Dr. Emmanuel Agamloh, senior motors and drives consultant, will be presenting at the upcoming Motor & Drive Systems Conference 2018 in Orlando, Florida. His session, “Practical Considerations for Torque Testing of Electric Motors,” will discuss the techniques for accurately measuring the torque of induction and permanent magnet motors.
An electric motor’s torque is its rotational or turning force. This force moves the shaft, the part of the motor connected to end-use equipment, such as a fan, blower, compressor, conveyer belt, generator, etc. Torque is of primary concern for both manufacturers and users. Manufacturers build motors of varying torque quantities for use in particular applications. At the same time, users need to know that the motor they are getting will provide enough torque to power their equipment.
Design standards specify how much torque a motor of a certain size can produce in three particular situations: 1) when the motor is first starting, 2) when it is fully loaded and 3) when it reaches maximum capacity, cannot tolerate the load imposed and shuts down. For example, consider an induction motor powering an elevator. The motor has to initially provide enough torque to start the elevator with or without people (1). When people crowd in and the elevator meets its weight limit, the motor must once again be able to get the elevator going and continue to power it (2). However, if even more people squeeze on, the motor might reach its maximum torque and be unable to produce enough to move the elevator (3). Every motor is designed to meet particular torque standards reflecting these typical scenarios.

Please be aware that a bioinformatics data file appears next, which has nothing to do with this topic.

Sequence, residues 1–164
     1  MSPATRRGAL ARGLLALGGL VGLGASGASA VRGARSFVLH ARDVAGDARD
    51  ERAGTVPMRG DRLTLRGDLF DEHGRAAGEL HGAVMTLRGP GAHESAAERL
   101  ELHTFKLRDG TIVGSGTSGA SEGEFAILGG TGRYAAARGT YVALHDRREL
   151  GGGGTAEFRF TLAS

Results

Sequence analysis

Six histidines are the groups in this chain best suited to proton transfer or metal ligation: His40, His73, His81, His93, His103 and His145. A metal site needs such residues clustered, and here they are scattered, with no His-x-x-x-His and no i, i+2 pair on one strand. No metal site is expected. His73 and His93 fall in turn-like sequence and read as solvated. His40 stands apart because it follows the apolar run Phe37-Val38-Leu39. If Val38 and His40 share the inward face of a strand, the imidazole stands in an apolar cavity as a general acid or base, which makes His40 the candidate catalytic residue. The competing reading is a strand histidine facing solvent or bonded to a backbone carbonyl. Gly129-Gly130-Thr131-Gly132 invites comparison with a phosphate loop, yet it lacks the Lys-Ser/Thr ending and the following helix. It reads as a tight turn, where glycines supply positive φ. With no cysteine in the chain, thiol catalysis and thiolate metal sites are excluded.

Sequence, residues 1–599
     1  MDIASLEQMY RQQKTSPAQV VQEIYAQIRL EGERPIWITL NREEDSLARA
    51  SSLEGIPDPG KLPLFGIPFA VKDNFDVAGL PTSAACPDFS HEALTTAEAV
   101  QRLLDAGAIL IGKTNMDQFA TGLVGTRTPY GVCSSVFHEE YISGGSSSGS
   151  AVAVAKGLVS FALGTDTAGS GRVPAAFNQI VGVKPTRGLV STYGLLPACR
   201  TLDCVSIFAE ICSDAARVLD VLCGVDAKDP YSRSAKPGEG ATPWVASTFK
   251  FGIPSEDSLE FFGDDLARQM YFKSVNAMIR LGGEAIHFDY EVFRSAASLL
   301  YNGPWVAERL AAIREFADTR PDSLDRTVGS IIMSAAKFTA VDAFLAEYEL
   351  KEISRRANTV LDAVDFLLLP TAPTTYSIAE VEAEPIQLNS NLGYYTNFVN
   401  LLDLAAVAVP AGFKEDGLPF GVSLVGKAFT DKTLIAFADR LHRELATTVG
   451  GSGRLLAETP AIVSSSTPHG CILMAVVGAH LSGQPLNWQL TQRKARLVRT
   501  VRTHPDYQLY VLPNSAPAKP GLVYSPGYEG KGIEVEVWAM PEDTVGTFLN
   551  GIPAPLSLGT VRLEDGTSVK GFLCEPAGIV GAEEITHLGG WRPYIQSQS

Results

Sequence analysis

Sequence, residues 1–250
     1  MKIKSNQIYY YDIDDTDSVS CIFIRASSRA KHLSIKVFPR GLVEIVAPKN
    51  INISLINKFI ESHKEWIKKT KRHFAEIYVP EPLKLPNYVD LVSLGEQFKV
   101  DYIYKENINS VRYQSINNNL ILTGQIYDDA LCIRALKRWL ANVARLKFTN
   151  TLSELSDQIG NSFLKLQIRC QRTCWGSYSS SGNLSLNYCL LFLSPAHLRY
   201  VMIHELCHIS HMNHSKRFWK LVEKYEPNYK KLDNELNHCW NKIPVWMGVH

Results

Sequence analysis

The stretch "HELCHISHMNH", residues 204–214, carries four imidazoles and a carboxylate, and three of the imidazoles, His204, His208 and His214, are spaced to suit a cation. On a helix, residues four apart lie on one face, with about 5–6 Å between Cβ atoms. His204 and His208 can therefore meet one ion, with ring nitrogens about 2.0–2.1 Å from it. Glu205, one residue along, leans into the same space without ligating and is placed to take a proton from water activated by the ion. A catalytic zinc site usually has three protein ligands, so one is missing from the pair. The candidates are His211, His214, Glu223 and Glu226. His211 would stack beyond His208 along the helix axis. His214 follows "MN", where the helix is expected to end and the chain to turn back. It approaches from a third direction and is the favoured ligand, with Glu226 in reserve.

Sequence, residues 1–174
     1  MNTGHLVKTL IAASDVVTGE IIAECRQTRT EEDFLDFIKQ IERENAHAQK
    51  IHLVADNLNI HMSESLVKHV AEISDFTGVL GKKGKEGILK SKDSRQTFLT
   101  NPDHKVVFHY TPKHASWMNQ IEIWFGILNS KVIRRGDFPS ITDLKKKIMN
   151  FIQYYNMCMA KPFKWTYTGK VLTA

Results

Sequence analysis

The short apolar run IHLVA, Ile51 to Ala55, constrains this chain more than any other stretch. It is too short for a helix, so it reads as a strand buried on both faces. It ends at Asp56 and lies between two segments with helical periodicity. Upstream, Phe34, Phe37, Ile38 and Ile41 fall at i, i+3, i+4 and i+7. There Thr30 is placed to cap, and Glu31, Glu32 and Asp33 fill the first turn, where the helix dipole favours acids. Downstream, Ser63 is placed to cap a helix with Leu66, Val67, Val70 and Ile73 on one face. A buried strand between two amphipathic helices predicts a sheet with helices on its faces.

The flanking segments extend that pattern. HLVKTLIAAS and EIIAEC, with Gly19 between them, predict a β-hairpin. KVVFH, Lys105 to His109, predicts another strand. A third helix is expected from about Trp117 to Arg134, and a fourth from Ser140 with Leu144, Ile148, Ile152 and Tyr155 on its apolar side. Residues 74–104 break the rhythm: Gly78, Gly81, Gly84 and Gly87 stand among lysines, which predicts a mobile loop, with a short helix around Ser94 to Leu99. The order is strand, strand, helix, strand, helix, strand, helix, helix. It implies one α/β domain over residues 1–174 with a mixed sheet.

Despite the importance of torque, it remains difficult to measure accurately. For example, a motor’s maximum torque is an unstable point in the torque profile, and special caution is needed to capture it exactly. Furthermore, the starting torque measurement can be harsh on measuring equipment, so steps must be taken to balance the desire to protect equipment with gaining accurate results. Unlike with motor efficiency testing, no standards exist for testing certain torque quantities. Therefore, in his presentation, Emmanuel will provide guidance on how to perform torque testing in two kinds of motors: induction motors and permanent magnet motors. Induction motors are significantly more common in industrial applications, but permanent magnet motors are beginning to emerge with their uses in electric vehicles.
The Motor & Drive Systems Conference 2018 brings together executives, technical managers and engineering professionals from original equipment manufacturers, system developers and integrators, dealers and component providers. Attendees share ideas, discuss the latest technological developments, and learn from one another to explore ways to improve performance, energy efficiency and cost savings in several arenas.
The event runs from Feb. 8-9. You can see Emmanuel’s presentation on Thursday, Feb. 8, at 11:05 a.m.